The Insurance Regulatory and Development Authority of India (IRDAI) Friday said it will set the timeline to reduce LIC’s shareholding in IDBI Bank from 51 percent to 15 per cent.


However, it added that the timeline will only be set after looking at LIC’s business plan post acquisition of 51 per cent stake in debt-ridden IDBI Bank.


“We will look at their (LIC’s) business plan (post acquisition of 51 per cent stake in IDBI Bank) and then decide on reduction of its stake in IDBI Bank (to 15 per cent),” said IRDAI chairman S.C. Khuntia on the sidelines of an insurance summit organised by Assocham here on Friday.


The insurance regulator in June had permitted LIC to increase its stake to 51 per cent in IDBI Bank. The government, which currently holds 85.96 per cent in IDBI Bank, had also approved the LIC’s proposal to hike stake last month.

The permissible limit for insurance companies to hold stake in any listed entity is 15 prt cent at present.


“LIC will have to safeguard the interest of policyholders while reducing it’s stake in the bank,” he said.


Unveiling his multi-pronged strategies to achieve deeper insurnace penetration in the country, Khuntia further said IRDAI) is working on guidelines for regulatory sandbox for certain innovative products that can be tried out in a limited scale and can be rolled out thereafter as full-fledged products,


“There are some new types of products which have not been tested out, Suppose some companies want to experiment with innovative products then we can allow them through a regulatory sandbox method where in a limited scale, either for a limited geography or a limited number of policyholders it will be tried out, so we will allow them,” said Khuntia 


The IRDAI chief further informed that insurance regulator will also bring into place new methodology for quick product approval.


“We are also looking at opportunities to have more use and file kind of products so there I need co- operation from all of you,” he said adding that IRDAI is keen that insurers also launch long term health insurance products.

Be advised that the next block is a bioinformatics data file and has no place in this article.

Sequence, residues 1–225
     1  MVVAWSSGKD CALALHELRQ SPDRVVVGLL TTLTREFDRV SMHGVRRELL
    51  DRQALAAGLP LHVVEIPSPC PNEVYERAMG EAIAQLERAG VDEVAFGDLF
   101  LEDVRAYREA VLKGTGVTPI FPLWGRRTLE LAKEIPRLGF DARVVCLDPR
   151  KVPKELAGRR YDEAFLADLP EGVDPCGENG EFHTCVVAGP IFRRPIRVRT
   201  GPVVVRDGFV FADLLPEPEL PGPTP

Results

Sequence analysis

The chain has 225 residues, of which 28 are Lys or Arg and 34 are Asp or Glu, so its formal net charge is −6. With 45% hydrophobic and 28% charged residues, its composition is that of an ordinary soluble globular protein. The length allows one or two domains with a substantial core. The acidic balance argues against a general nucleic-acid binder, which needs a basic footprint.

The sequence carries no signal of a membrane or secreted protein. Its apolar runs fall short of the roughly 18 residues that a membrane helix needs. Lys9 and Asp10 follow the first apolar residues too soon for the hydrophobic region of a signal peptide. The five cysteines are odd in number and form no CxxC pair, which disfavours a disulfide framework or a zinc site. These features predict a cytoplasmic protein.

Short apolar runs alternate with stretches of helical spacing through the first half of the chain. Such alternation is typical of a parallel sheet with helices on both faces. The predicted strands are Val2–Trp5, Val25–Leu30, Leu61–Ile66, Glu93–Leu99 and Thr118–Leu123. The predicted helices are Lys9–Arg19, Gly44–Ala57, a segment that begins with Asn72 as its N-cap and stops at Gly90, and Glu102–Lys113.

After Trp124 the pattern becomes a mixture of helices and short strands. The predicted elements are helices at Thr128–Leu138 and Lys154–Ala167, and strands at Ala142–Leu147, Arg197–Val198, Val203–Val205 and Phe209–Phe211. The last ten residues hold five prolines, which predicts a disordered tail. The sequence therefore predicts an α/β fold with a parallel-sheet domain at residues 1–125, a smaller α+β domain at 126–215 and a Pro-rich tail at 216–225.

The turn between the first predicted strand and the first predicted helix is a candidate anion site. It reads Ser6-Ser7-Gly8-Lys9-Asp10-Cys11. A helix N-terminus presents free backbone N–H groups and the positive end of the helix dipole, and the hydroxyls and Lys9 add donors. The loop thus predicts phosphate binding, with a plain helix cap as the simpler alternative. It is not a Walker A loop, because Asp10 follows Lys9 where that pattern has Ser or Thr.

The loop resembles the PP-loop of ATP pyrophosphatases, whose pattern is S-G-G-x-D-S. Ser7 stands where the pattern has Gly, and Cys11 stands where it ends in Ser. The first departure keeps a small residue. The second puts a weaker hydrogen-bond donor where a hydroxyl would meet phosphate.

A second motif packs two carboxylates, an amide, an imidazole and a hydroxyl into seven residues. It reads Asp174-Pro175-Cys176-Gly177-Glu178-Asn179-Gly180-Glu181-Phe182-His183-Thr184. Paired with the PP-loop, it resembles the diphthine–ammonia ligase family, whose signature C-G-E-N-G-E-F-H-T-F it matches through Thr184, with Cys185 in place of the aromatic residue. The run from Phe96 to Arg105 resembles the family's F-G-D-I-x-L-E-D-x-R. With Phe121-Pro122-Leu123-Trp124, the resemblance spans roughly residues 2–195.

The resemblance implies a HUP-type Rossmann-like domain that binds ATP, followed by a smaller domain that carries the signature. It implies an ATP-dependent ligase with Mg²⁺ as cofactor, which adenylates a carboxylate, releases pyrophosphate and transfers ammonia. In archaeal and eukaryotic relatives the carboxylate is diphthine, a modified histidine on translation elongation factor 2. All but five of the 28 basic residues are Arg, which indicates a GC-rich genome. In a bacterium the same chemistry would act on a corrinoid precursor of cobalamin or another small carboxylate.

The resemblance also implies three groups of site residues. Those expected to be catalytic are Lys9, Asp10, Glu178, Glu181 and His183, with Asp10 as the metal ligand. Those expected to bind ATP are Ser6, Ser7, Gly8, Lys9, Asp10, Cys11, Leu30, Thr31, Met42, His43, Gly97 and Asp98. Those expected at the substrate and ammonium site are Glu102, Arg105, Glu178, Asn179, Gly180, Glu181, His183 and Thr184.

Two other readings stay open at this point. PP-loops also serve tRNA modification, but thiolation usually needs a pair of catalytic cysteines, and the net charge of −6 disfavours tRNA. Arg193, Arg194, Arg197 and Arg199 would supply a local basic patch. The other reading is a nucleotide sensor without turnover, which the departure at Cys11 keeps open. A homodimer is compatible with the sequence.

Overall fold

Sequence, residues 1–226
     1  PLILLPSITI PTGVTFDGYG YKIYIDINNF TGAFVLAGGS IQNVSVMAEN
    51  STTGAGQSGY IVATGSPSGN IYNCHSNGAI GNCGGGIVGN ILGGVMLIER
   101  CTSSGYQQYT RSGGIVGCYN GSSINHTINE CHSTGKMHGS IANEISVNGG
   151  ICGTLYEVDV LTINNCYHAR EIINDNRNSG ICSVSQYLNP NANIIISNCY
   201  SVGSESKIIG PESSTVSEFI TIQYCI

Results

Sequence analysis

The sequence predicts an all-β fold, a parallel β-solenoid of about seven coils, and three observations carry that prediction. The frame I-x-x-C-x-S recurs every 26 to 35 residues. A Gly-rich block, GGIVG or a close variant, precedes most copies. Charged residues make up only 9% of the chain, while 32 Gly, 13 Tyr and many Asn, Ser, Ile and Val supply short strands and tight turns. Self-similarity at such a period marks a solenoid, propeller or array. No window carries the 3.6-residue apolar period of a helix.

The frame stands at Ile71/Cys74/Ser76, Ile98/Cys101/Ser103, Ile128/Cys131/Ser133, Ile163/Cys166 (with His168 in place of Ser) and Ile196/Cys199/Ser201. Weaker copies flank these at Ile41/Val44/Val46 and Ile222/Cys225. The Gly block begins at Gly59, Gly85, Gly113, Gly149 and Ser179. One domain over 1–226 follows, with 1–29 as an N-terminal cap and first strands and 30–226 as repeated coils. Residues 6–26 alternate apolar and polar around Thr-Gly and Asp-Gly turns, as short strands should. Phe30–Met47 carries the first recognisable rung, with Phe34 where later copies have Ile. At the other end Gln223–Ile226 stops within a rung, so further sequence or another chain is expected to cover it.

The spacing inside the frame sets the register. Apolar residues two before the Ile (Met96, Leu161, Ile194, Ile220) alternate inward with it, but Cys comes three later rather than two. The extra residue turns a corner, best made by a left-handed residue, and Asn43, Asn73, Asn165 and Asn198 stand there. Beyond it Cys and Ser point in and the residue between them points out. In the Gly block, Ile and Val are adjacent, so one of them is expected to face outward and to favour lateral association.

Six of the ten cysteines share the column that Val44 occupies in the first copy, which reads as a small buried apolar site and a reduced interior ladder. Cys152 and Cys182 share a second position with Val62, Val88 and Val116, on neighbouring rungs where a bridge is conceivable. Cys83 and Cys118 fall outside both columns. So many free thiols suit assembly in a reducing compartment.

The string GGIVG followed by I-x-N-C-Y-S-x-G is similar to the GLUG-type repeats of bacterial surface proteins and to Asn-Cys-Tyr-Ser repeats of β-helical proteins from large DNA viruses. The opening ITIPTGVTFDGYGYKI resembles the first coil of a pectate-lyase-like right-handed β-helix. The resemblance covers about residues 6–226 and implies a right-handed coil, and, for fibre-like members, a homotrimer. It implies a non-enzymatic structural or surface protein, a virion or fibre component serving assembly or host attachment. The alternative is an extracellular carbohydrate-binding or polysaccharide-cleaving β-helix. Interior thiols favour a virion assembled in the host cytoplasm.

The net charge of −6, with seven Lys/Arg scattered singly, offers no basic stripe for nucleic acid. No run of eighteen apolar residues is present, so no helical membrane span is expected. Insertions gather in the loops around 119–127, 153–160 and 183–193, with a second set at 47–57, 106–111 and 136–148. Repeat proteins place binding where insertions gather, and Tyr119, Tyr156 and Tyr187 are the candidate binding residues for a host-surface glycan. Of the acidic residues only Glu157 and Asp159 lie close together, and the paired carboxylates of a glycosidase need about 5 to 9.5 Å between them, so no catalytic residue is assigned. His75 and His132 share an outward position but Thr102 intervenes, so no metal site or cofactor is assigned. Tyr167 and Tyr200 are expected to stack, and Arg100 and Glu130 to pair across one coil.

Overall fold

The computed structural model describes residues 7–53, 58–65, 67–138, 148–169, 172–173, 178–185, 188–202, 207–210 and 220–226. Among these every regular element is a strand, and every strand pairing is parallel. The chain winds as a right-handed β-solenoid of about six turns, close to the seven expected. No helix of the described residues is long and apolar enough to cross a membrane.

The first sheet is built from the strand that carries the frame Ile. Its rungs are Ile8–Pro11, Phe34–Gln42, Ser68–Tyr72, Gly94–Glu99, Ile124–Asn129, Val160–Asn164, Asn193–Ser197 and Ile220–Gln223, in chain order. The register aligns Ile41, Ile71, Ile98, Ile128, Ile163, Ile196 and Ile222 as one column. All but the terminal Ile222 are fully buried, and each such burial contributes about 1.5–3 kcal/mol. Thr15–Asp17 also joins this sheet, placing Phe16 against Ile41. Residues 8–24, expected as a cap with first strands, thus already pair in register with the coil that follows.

Khuntia suggested that after the Supreme Court has made it mandatory for three year third party motor policy and five year 2- wheeler policy, the general insurers should launch long term own damage policy and regulatory support will be available to them.  


Sharing his views on further developing the micro-insurance sector, Khuntia said, “It is another area where we need to concentrate so that we go to remote, rural areas as this is something where our progress has been very-very unsatisfactory and insurance industry must look into this aspect.”


Expressing concern over lower penetration of insurance in the country which is only 3.69 per cent of the gross domestic product (GDP) as against global average of 6.2 per cent, he urged the industry to further spread awareness among the general public about the importance of insurance, especially among youth.


Highlighting the low persistency factor in India’s life insurance sector, he said it needs to be improved to gain more trust from policyholders. “If we improve thispersistency, we will have much more money available and that will go to long term savings which will result in much higher economic development in the country because long-term projects need a type of funding that can be supplied only by the insurance industry because we can invest it for a much longer period of time.”


He suggested that insurance sector can tap modern technologies like artificial intelligence, blockchain, machine learning and others for improving coverage, generating awareness, having innovative product designs and catering to the needs of consumers.


Talking about the government’s flagship national health insurance scheme, Ayushman Bharat, Khuntia said the insurance model will be more effective as the oversight in the model is better than the trust model.


“People will come down to the view that insurance model will be more effective because there is insurance industry oversight which is not there in the trust model,” he said


For Ayushman Bharat scheme, 23 of the 29 states have chosen to run the scheme as a trust model. In the trust model, the state government takes the risk and the entire payment has to be made by the state government, while in the insurance model, insurance companies take the risk and pays for all the expenses.

According to Moody’s, the trust model will diminish insurers’ growth prospects.